Forty male Wistar rats, 21 days old, were obtained from our own breeding colony. They were maintained at 22 ± 2 °C, on a 12 h light/12 h dark cycle, with free access to food and drink. The guidelines in “Principles of laboratory animal care”, National Institutes of Health publication No. 80-23, revised 1996, were followed in all our experiments, and the research protocol was approved by the Ethical Committee for Animal Experimentation of the Centro Universitário Metodista (008/2011). All efforts were made to minimize animal suffering and to use only the minimal number of animals necessary to obtain reliable scientific data.

2.5. Treatment

The animals were randomly divided into four groups: standard diet + water (Group 1), HFD + water (Group 2), HFD + CGJ (Group 3) and HFD + OGJ (Group 4). The animals were subjected to 12 weeks of treatment.

2.6. Weight Changes

Body weight was assessed weekly on an electronic balance (Crystal 200, Gibertini, Italy). Weight change was calculated as the final weight minus the initial weight of the rats. After euthanasia, the liver was weighed.

2.7. Oxidative Stress Measurements

2.7.1. Tissue Preparation

After 12 weeks of treatment, the animals were euthanized by decapitation, and the liver was quickly excised on a Petri dish, placed on ice. The liver was dissected and kept chilled until homogenization, which was performed using a ground glass-type Potter–Elvejhem homogenizer (Kimble Chase Life Science, Rockwood, TN, USA). Fresh tissue was homogenized in 1.5% KCl. The homogenates were centrifuged at 800× g for 10 min at 4 °C; the pellet was discarded, and the supernatants were kept at −70 °C until assays.

2.7.2. Thiobarbituric Acid-Reactive Substances (TBARS) Measurement

Thiobarbituric acid-reactive substances (TBARS) were used to determine lipid peroxidation and were measured according to the method described by Ohkawa et al. (1979) [27]. Briefly, 50 μL of 8.1% sodium dodecyl sulfate (SDS), 375 μL of 20% acetic acid (pH 3.5) and 375 μL of 0.8% thiobarbituric acid (TBA) were added to 200 μL of homogenate, and the mixture was incubated in a boiling water bath for 60 min. After cooling, the mixture was centrifuged (1000× g, 10 min). The supernatant was removed, and the absorbance was read at 535 nm in a spectrophotometer (T80 UV/VIS Spectrometer, PG Instruments, Alma Parck, Lutterworth, UK). Commercially available malondialdehyde was used as a standard. Results were expressed as nmoL/mg protein.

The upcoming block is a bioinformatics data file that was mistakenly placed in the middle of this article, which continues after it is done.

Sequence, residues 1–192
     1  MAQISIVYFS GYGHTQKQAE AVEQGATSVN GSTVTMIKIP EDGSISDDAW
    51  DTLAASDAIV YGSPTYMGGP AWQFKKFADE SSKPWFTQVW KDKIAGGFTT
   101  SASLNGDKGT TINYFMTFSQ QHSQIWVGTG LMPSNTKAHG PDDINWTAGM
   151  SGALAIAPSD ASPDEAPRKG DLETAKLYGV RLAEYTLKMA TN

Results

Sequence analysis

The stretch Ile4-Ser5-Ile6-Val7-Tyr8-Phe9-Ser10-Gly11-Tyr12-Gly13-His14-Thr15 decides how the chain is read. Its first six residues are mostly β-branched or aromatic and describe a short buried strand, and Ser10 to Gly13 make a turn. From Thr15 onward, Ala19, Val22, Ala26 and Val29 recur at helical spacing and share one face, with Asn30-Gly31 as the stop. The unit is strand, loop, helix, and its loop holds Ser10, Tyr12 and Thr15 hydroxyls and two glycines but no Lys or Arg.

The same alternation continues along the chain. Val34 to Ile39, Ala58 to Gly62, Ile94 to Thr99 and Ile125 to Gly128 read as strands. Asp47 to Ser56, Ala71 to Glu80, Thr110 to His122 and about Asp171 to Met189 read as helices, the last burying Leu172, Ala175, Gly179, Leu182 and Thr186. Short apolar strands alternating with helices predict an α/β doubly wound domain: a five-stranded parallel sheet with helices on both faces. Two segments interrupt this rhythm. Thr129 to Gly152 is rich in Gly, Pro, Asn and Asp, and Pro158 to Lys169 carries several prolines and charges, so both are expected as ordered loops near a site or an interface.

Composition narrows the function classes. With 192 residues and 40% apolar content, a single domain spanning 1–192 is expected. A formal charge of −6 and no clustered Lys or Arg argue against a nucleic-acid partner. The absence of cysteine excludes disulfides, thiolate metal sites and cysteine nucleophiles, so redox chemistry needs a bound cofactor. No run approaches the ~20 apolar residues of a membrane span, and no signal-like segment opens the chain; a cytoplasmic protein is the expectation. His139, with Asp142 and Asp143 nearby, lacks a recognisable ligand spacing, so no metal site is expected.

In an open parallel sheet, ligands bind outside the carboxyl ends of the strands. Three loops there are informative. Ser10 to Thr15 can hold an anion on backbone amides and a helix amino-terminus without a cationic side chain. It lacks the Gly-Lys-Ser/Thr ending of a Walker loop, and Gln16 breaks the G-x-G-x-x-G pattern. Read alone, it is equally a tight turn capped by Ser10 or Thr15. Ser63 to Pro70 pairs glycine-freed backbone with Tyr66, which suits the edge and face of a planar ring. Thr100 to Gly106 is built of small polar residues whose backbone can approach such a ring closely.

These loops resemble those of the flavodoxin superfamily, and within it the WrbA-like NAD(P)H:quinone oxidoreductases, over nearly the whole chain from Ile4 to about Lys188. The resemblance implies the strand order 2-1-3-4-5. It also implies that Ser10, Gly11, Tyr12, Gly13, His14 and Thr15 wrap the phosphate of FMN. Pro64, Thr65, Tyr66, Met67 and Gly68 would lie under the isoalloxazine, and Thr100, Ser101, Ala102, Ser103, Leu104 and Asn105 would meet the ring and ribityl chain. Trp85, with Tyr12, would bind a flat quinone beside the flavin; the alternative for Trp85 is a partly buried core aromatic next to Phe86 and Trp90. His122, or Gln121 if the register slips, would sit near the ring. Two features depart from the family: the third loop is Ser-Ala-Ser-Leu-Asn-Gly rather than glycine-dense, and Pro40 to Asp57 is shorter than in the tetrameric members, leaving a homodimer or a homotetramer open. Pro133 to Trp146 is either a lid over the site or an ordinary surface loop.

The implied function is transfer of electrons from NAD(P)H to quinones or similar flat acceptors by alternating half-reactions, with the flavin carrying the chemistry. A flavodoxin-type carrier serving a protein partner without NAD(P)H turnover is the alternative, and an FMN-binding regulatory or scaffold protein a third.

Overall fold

2.8. Carbonyl Assay

A carbonyl assay was used to determine oxidative damage to proteins. Homogenates were incubated with 2,4 dinitrophenylhydrazine (DNPH, 10 mM) in 2.5 M HCl for 1 h at room temperature, in the dark. Samples were mixed every 15 min. Next, 20% (w/v) Trichloroacetic acid (TCA) was added to the tubes, which were then left in ice for 10 min and centrifuged for 5 min at 1000× g, to collect the protein precipitates. Another wash was performed with 10% TCA. The pellet was washed 3 times with ethanol:ethyl acetate (1:1) (v/v). The final precipitates were dissolved in 6 M guanidine hydrochloride, and the solutions were allowed to stand for 10 min at 37 °C and then read at 360 nm [28]. The results were expressed as nmoL/mg protein.

2.9. Sulfhydryl Assay

This assay is based on the reduction of 5,5′-dithio-bis(2-nitrobenzoic acid) (DTNB) by thiols, generating a yellow derivative (TNB), whose absorption is determined spectrophotometrically at 412 nm [29]. Briefly, 0.1 mM DTNB was added to 120 μL of the samples. This was followed by a 30-min incubation at room temperature in a dark room. Absorbance was measured at 412 nm. The sulfhydryl content is inversely correlated to oxidative damage to proteins. Results were reported as nmoL/mg protein.